Moms Need A Break


At a recent monthly mom’s group meeting, I finally realized why parenting feels so exhausting. A lot of what we do is unseen, even by us. Call it the Motherload, default parenting, the second shift, even married single mom, but essentially moms assume more work at home. After the meeting, a friend said she doesn’t mind all the responsibility because, “Currently it’s my only job.” Yet, research shows even working moms are bearing the brunt of the work. 

This is not to dismiss dad’s contributions. Men are clearly more involved than past generations. Yet the reality is, women have more on their mental plates. Even when the father takes on a task, like taking a child to a soccer game, generally women are handling the details like game time and location, clean jersey, socks, shin guards, cleats, a ball, and water bottle, in addition to sports registration. 

Another layer of responsibility assumed by women is the cognitive and emotional aspect of parenting. Is my child happy, healthy, making friends, learning? My daughter began piano lessons in first grade and what started as fun and exciting, soon became frustrating and “too hard.” I used all my best tools (growth mindset, breathwork, hugs), but she was miserable, and frankly, so was I. After a year of communicating with her teacher, consulting other parents, holding her as she cried, and lying awake at night wondering what to do, I finally brought my concerns to my husband. He thought maybe she was too young, but I knew other kids in lessons without the same struggles. Somehow, this landed in my court. 

a girl with her head on the keys of an electric keyboardUltimately, I decided to make her take a break, because despite her intelligence and desire, her perfectionism would not allow her to trust the process. Music can only evolve through mistakes and errors.

With all these macro and micro decisions resting on the shoulders of women, it’s no surprise we are stressed. If the ship sinks, who is accountable? The Captain. This disproportionate mental load leaves women feeling exhausted, unseen, even empty inside. We are literally “too tired” for intimacy and possibly too bitter to connect with our partner.

According to therapist Kate Early, mom burnout is very common and can also impact women’s physical health (migraines, tension, digestive issues, insomnia, and fatigue) and behavioral health (eating to soothe, drinking alcohol to calm down, overscheduling, and neglecting exercise). Finding balance is key.

Lighten the Load

Women might be the Captain, but every good captain must delegate. As a perfectionist, I have a hard time releasing control. When I host parties, the first guest always asks, “How can I help?”, and I always say, “Oh I got it”. I hate the energy it takes to pull apart my mental checklist. However, I’ve recently forced myself to accept their help.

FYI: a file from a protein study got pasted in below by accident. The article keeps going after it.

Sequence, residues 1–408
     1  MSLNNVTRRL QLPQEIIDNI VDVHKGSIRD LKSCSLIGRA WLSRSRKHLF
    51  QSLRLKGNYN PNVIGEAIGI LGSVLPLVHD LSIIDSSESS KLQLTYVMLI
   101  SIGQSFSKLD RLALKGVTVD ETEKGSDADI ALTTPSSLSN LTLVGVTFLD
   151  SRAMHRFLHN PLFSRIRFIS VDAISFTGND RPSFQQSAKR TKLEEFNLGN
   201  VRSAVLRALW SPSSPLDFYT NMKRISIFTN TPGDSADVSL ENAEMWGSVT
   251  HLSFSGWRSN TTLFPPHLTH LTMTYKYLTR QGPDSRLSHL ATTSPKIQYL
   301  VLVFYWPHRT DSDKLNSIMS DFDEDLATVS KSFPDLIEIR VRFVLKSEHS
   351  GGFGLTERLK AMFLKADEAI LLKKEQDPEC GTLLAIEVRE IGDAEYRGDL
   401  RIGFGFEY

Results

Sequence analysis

I’ve been practicing this with my kids, too. If they only see me refusing help, it sends the message mom doesn’t need help, perpetuating the imbalanced workload. It feels uncomfortable to loosen the reins because mishaps create new lists of responsibilities, but giving kids age-appropriate jobs builds their confidence and skills. 

a dad and daughter doing dishes together Invite your partner to help more too, but remember, no one will do it “just like mommy” and that’s okay. Micromanaging creates decreased trust, insecurity, not to mention a loss in creativity. Give dad space to find his way, free from interference or judgment. 

The idea of redistributing work frustrates many women, according to Early. Why can’t he just sense that I’m overworked and offer to help? From his perspective, the system appears to work. Things get done. However, if you replace the “he should know” with “he needs to know”, this can be the beginning of a productive conversation, not about who does what, but how this affects your health and relationship.

Practice Self-Compassion

Society seems to be shifting from obligation (moms must do it all) to honor (moms can do it all). Sadly, many of us aren’t just trying to do it all, but do it perfectly and that extra pressure is dangerous.

You may not identify as a perfectionist, but moms all could benefit from more self-compassion. Without it, we lack perspective and tend to overreact. You wouldn’t dare tell another mom she’s stupid for forgetting today was an early dismissal, so why say that to yourself? Acknowledge your frustration, but forgive yourself and move forward. Our kids need to see this from us.

Women are not inherently better at multitasking than men, it still impacts performance. Try giving your attention fully to one task, without worrying about past mistakes or future obligations.

Take a Mommy Break

When we are depleted, we are less patient, which makes us a less compassionate parent and spouse. Mom, give yourself a break. A true break. Take a walk. Attend a concert. Have a girls weekend. But please, leave behind the dishes, toys, and the cooking (that is all part of the break). 

We may not get to a point where the parent load is equal, but hopefully mothers feel brave enough to ask for help, fathers are willing to contribute more, and mothers feel worthy of me-time.



Christina Corcoran moved to St. Louis in 2004 after completing her bachelor’s degree from University of Missouri. She studied journalism, but found her way to sociology. She and her husband started their family in Soulard and after having their second child, moved to Webster Groves. She mostly identifies as a stay-at-home mom, but makes time for writing, reading, and gardening. Currently she is working on a book about perfectionism in young children and how parents can help them cope with fear, shame and insecurity. You can find more information on her website:



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